Monday 2 August 2010

Somewhere film

Somewhere high in the top ten of recent, possibly even-all time British films is where I'd admiringly place Sam Taylor-Wood's directorial debut. Nowhere Boy is about so much more than just the man born to be a Beatle. John Lennon's growing-up story is an extraordinary one: raised by his Aunt Mimi, reclaimed all too belatedly by the vivacious - manic-depressive? - mother who gave him up when he was five years old, only to lose her again. The film suggests how his creativity might have been both fostered and blighted by this emotional roller-coaster.

The cinematography is ravishing, as you'd expect from STW's art: no dreary 50s Liverpool and Blackpool this, but a colourful world full of possibilities. In that respect it has much in common with Richard Jones's vivacious view of northern rep in his brilliant ENO Pagliacci. What truly stunned me, though, was the capturing of three great performances that give the film its beating heart.

However good the scenes of pre-Beatledom music-making, it's the love triangle between the two sisters and their joint son that rises to the heights in a visceral confrontation. I challenge you to sit through that dry-eyed. Highest praise for Anne-Marie Duff as the very loveable Julia Lennon is that she's not eclipsed by the nuanced delivery of the ever-surprising Kristin Scott Thomas as the controlled but by no means cold Mimi. And Aaron Johnson - how uncannily he veers between cocky, sexy teenager and a lost boy who needs a good cry. And, yes, he's beautiful.

Still odd to find a sharp intake of breath about the fact that STW set up life and parenthood with Johnson in the wake of the film. Ingmar Bergman did it all the time with women at about the same age distance, and no-one bats an eyelid. And what Bergman wrote about the erotic charge of film or theatre is obviously true. It's partly what gives this film its special quality, and I don't think I'm saying that with hindsight. Goldfrapp score sometimes sentimentally apart, it just doesn't put a foot wrong. Oh, and it has something of the energy you find in Anthony Minghella's The Talented Mr Ripley. Which Taylor-Wood would certainly take as a compliment, since Minghella encouraged her to make her first full-length film. How proud he would have been.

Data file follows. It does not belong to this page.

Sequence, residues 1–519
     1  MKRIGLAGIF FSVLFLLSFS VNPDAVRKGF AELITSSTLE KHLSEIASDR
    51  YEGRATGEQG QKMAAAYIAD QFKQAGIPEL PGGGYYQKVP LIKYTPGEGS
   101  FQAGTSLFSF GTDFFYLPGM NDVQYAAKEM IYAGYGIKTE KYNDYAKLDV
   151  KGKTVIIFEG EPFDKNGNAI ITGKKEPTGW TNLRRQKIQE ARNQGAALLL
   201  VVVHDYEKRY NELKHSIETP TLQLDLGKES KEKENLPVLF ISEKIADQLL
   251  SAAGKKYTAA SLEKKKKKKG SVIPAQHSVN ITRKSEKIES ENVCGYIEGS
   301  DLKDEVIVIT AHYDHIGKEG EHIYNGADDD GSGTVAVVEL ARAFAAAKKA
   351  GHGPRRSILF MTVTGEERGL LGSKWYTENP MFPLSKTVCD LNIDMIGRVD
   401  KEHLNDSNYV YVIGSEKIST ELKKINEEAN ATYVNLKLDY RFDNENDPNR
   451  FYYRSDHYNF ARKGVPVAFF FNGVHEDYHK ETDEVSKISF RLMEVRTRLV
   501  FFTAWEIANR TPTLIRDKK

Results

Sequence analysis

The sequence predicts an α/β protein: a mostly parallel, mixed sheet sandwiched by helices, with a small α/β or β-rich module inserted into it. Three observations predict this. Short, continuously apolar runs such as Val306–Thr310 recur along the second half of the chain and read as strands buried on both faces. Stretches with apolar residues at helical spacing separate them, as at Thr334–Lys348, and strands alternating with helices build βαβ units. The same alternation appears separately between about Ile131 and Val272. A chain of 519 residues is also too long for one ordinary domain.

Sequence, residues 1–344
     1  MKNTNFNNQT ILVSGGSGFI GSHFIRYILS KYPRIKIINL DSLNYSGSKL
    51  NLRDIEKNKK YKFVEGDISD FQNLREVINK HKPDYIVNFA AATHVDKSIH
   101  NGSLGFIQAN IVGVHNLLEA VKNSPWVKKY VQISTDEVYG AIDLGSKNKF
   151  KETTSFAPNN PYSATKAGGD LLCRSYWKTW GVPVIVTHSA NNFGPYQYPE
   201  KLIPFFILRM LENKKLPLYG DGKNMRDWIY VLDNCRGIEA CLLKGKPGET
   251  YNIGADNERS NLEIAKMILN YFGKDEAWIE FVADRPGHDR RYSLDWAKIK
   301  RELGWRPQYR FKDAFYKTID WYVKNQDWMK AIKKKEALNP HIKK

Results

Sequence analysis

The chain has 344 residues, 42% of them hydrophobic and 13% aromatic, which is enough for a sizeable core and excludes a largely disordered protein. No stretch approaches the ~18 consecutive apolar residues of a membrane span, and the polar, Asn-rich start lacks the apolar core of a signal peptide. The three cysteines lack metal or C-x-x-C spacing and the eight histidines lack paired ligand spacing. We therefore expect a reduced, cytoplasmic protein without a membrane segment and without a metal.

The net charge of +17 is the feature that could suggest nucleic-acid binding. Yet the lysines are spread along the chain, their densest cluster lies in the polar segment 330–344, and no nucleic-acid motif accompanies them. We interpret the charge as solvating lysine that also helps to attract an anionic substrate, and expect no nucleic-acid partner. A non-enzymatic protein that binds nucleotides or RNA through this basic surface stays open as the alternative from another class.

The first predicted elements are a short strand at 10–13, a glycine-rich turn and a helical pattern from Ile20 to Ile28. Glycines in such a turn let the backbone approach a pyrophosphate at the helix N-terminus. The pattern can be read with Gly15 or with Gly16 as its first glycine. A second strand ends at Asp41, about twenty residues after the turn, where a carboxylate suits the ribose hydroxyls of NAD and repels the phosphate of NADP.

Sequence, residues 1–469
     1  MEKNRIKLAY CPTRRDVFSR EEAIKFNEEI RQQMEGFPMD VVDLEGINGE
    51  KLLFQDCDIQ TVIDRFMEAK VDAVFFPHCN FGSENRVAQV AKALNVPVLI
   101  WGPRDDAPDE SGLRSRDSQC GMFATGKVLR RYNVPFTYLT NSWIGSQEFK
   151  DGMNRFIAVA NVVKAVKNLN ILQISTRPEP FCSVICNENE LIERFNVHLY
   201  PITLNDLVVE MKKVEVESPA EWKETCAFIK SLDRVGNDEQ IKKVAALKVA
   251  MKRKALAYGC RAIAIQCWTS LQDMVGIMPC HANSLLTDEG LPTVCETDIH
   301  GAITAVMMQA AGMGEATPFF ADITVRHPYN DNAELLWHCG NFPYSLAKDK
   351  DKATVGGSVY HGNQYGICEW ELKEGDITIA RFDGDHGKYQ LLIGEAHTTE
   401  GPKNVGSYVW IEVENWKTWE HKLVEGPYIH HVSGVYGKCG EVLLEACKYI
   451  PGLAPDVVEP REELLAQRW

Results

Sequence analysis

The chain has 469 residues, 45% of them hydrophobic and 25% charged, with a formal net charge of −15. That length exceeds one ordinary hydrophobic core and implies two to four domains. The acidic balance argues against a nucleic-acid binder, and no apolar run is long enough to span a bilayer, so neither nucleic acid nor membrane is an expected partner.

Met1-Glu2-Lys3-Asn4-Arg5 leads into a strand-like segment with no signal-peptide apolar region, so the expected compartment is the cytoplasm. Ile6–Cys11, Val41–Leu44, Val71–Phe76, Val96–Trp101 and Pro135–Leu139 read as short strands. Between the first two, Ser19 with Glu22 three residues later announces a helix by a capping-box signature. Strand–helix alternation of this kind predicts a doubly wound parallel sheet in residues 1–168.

Thanks, too, for introducing me to so much music. Love Duff's ukulele playing, a very touching scene, and the way she discreetly bounces to Screamin' Jay Hawkins's 'I put a spell on you'. Found an outrageous film on YouTube of Hawkins parodying his already parodistic self, so let's stick to the 1956 single.

And hear how mighty Nina appropriated it to her own very different ends.


Minnie said...

Lovely post, as ever - makes me long to see the film. It sounds wonderful, and I do so hope it doesn't become a succès de scandale due to the director's relationship with the leading man (beautiful? God, yes!).
Fascinated by the addition of colour to the '50s, so often viewed in/as black-and-white; good to see a bit more balance injected to do 'em more justice.
Interesting point about the erotic charge of film/theatre: definitely present (often very discreetly).
Kristin Scott Thomas is enormously talented, with a tremendous range. Always given an ice-maiden tag by Britjournos, I saw her interviewed on French telly and she presented as relaxed, funny and very warm; above all, extremely articulate - eloquent even. What a difference a change of country/language can make ...!

David said...

I adore her and, much as the subject matter seems run of the mill, can't wait to see her latest French effort.

Mind you, I know she does have quite an entourage when she travels. Miss Scott Thomas's stylist is very much part of the package. But then she is a big star. I reckon AMD should be too, so touching.

Minnie said...

Entourage, eh? Aha! She's just gone right down in my estimation. Jane Birkin does just fine without, after all. Still, as you say, a star - so I suppose it must be allowed.
Gosh, yes - AMD is extremely versatile. MUST see this film, D! Many thanks for the introduction and inviting overview.